Chen J, Daraiseh NM, Davis KG, Pan W. Sources of work-related acute fatigue in United States hospital nurses. Nursing & Health Sciences. 2014 Mar;16(1):19-25.
Prows CA, Zhang X, Huth MM, Zhang K, Saldana SN, Daraiseh NM, Sadhasivam S. Codeine related adverse drug reactions in children following tonsillectomy: A prospective study. Laryngoscope. 2014 May;124(5):1242-50.
Chen J, Davis KG, Daraiseh NM, Pan W, Davis LS. Fatigue and Recovery in 12-hour Day Shift Hospital Nurses. Journal of Nursing Management. 2014 Jul;22(5):593-603.
Schaffer P, Daraiseh N, Daum L, Mendez E, Lin L, Huth M. Pediatric inpatient falls and injuries: A descriptive analysis of risk factors. Journal for Specialists in Pediatric Nursing. 2012;17(1), 10-18.
Chen J, Davis LS, Davis K, Pan W, Daraiseh N. Physiological and Behavioral Response Patterns at Work among Hospital Nurses. Journal of Nursing Management. 2011; 19, 57-68.
Edward F. Donovan, MD Director, Child Policy Research Center 513-636-0182 firstname.lastname@example.org
Director, Child Policy Research Center
Emeritus, UC Department of Pediatrics
Population health; quality improvement research; perinatal epidemiology
MD: University of California at Los Angeles School of Medicine, Los Angeles, CA, 1967 to 1971.
Residency: Cincinnati Children's Hospital Medical Center, Cincinnati, OH, 1971 to 1973.
Fellowship: Newborn Physiology, University of Cincinnati College of Medicine, 1975 to 1977; Respiratory Muscle Physiology, McGill University, Montreal, Quebec, 1978 to 1979.
Certification: Neonatal-Perinatal Medicine.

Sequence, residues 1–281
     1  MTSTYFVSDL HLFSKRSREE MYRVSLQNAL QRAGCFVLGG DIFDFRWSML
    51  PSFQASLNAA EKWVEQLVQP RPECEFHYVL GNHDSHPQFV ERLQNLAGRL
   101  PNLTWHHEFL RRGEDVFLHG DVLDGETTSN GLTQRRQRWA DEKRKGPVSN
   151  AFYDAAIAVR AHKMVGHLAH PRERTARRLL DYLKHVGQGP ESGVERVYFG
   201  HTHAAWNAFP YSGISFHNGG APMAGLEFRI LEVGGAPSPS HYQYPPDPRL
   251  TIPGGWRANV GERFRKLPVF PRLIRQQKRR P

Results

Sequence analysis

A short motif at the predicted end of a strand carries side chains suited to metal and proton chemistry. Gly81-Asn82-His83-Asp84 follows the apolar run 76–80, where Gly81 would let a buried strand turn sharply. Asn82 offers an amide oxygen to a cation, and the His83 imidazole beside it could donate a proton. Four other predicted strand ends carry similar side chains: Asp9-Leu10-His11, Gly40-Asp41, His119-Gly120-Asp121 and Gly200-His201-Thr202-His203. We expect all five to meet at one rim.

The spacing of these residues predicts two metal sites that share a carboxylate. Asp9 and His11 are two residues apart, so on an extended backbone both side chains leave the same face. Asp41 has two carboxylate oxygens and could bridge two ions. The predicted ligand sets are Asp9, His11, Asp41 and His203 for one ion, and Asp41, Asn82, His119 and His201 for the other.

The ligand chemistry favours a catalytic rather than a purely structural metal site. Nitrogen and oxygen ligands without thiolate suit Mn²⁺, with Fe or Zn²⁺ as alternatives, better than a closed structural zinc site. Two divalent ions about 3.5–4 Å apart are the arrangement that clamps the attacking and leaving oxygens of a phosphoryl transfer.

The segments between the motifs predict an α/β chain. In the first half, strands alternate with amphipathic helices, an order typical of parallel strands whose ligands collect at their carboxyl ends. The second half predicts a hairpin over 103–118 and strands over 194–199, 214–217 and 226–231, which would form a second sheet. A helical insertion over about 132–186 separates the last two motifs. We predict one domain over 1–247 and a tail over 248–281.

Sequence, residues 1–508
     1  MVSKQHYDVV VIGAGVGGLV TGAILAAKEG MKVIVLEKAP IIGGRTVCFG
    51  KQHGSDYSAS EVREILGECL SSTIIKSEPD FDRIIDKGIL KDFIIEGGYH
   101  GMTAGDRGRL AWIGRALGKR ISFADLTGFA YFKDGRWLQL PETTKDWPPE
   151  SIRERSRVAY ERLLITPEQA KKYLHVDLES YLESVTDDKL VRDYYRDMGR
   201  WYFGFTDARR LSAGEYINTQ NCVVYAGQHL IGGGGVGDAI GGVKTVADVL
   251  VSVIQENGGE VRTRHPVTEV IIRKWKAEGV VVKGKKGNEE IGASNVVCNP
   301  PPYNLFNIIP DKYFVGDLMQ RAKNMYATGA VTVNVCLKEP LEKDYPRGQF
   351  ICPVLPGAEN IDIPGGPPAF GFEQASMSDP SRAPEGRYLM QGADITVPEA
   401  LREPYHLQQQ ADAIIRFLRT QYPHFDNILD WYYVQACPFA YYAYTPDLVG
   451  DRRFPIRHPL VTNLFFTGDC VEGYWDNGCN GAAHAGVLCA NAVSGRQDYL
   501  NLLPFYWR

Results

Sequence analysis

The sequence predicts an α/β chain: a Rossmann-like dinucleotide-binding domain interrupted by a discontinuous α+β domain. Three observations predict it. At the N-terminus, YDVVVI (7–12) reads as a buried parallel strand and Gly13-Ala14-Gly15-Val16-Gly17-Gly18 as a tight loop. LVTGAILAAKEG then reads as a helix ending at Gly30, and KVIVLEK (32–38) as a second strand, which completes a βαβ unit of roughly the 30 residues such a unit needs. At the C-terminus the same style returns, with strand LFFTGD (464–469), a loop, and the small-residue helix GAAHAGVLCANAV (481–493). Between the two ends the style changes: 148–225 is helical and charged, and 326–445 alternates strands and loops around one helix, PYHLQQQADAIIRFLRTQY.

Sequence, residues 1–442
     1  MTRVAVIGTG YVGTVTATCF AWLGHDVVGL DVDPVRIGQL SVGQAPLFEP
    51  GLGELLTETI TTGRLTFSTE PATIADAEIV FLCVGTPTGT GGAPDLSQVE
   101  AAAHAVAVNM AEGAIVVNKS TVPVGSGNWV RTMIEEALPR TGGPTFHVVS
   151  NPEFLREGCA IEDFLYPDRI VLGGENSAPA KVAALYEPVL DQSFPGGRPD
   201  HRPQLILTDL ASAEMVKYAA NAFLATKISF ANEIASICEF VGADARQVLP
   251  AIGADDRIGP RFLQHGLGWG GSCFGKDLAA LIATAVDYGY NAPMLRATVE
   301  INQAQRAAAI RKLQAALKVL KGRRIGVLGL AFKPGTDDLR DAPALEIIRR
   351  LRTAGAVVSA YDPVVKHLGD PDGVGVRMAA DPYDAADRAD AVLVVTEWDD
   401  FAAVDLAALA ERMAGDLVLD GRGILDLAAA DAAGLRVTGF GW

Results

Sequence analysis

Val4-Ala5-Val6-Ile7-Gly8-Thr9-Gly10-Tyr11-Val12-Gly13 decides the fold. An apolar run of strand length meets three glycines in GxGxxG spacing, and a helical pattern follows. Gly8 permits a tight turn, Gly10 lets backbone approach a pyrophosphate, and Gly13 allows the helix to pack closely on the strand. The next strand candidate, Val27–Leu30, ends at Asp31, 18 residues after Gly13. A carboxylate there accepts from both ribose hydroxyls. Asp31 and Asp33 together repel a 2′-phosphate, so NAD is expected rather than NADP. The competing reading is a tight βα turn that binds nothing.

Kaplan HC, Lannon C, Walsh MC, Donovan EF; Ohio Perinatal Quality Collaborative. Ohio statewide quality-improvement collaborative to reduce late-onset sepsis in preterm infants. Pediatrics. 2011 Mar;127(3):427-35.
Kaplan HC, Tabangin ME, McClendon D, Meinzen-Derr J, Margolis PA, Donovan EF. Understanding variation in vitamin A supplementation among NICUs. Pediatrics. 2010 Aug;126(2):e367-73.
Donovan EF, Besl J, Paulson J, Rose B, Iams J; Ohio Perinatal Quality Collaborative. Infant death among Ohio resident infants born at 32 to 41 weeks of gestation. Am J Obstet Gynecol. 2010 Jul;203(1):58.e1-5.
SUPPORT Study Group of the Eunice Kennedy Shriver NICHD Neonatal Research Network, Finer NN, Carlo WA, Walsh MC, Rich W, Gantz MG, Laptook AR, Yoder BA, Faix RG, Das A, Poole WK, Donovan EF, Newman NS, Ambalavanan N, Frantz ID 3rd, Buchter S, Sánchez PJ, Kennedy KA, Laroia N, Poindexter BB, Cotten CM, Van Meurs KP, Duara S, Narendran V, Sood BG, O'Shea TM, Bell EF, Bhandari V, Watterberg KL, Higgins RD. Early CPAP versus surfactant in extremely preterm infants. N Engl J Med. 2010 May 27;362(21):1970-9.
Donovan EF, Lannon C, Bailit J, Rose B, Iams JD, Byczkowski T; Ohio Perinatal Quality Collaborative Writing Committee. A statewide initiative to reduce inappropriate scheduled births at 36.0 - 38.0 weeks' gestation. Am J Obstet Gynecol. 2010 Mar;202(3):243.e1-8.
Morris BH, Oh W, Tyson JE, Stevenson DK, Phelps DL, O'Shea TM, McDavid GE, Perritt RL, Van Meurs KP, Vohr BR, Grisby C, Yao Q, Pedroza C, Das A, Poole WK, Carlo WA, Duara S, Laptook AR, Salhab WA, Shankaran S, Poindexter BB, Fanaroff AA, Walsh MC, Rasmussen MR, Stoll BJ, Cotten CM, Donovan EF, Ehrenkranz RA, Guillet R, Higgins RD; NICHD Neonatal Research Network. Aggressive vs. conservative phototherapy for infants with extremely low birth weight. N Engl J Med. 2008 Oct 30;359(18):1885-96.
Donovan EF, Ammerman RT, Besl J, Atherton H, Khoury JC, Altaye M, Putnam FW, Van Ginkel JB. Intensive home visiting is associated with decreased risk of infant death. Pediatrics. 2007 Jun;119(6):1145-51.